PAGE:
Annals of Indian Academy of Neurology
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Year : 2016  |  Volume : 19  |  Issue : 2  |  Page : 175-182

Understanding migraine: Potential role of neurogenic inflammation

Department of Medicine, Vanderbilt University Medical Center, Nashville, Tennessee, USA

Correspondence Address:
Rakesh Malhotra
Vanderbilt University Medical Center, 1161, 21st Avenue, South Nashville, Tennessee
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Source of Support: None, Conflict of Interest: None

DOI: 10.4103/0972-2327.182302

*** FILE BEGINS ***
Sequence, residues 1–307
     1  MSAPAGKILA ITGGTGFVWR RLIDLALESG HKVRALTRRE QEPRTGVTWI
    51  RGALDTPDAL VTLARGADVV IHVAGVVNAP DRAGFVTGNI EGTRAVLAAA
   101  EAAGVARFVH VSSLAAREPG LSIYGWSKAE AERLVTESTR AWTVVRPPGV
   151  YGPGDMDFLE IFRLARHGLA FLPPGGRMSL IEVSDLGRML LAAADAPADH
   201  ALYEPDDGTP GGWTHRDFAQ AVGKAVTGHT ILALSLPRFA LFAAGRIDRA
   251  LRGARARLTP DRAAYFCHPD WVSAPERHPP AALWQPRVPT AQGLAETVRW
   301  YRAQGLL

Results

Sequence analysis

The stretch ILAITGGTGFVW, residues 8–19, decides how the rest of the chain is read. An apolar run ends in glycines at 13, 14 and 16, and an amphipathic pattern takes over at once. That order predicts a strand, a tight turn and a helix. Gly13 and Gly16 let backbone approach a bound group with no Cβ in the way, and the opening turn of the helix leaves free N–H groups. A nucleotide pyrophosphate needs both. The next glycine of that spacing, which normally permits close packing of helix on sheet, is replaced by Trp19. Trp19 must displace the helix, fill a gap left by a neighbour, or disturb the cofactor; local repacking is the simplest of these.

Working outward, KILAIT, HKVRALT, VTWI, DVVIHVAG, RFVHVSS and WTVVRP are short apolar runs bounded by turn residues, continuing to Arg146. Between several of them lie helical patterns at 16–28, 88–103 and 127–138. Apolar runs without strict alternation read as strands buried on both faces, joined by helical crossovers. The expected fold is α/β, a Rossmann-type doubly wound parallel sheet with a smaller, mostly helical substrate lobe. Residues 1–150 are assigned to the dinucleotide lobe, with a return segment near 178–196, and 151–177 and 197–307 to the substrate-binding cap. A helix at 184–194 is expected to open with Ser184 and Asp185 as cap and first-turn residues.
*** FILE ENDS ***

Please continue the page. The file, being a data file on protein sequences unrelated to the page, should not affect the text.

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Neurogenic inflammation, a well-defined pathophysiologial process is characterized by the release of potent vasoactive neuropeptides, predominantly calcitonin gene-related peptide (CGRP), substance P (SP), and neurokinin A from activated peripheral nociceptive sensory nerve terminals (usually C and A delta-fibers). These peptides lead to a cascade of inflammatory tissue responses including arteriolar vasodilation, plasma protein extravasation, and degranulation of mast cells in their peripheral target tissue. Neurogenic inflammatory processes have long been implicated as a possible mechanism involved in the pathophysiology of various human diseases of the nervous system, respiratory system, gastrointestinal tract, urogenital tract, and skin. The recent development of several innovative experimental migraine models has provided evidence suggestive of the involvement of neuropeptides (SP, neurokinin A, and CGRP) in migraine headache. Antidromic stimulation of nociceptive fibers of the trigeminal nerve resulted in a neurogenic inflammatory response with marked increase in plasma protein extravasation from dural blood vessels by the release of various sensory neuropeptides. Several clinically effective abortive antimigraine medications, such as ergots and triptans, have been shown to attenuate the release of neuropeptide and neurogenic plasma protein extravasation. These findings provide support for the validity of using animal models to investigate mechanisms of neurogenic inflammation in migraine. These also further strengthen the notion of migraine being a neuroinflammatory disease. In the clinical context, there is a paucity of knowledge and awareness among physicians regarding the role of neurogenic inflammation in migraine. Improved understanding of the molecular biology, pharmacology, and pathophysiology of neurogenic inflammation may provide the practitioner the context-specific feedback to identify the novel and most effective therapeutic approach to treatment. With this objective, the present review summarizes the evidence supporting the involvement of neurogenic inflammation and neuropeptides in the pathophysiology and pharmacology of migraine headache as well as its potential significance in better tailoring therapeutic interventions in migraine or other neurological disorders. In addition, we have briefly highlighted the pathophysiological role of neurogenic inflammation in various other neurological disorders.

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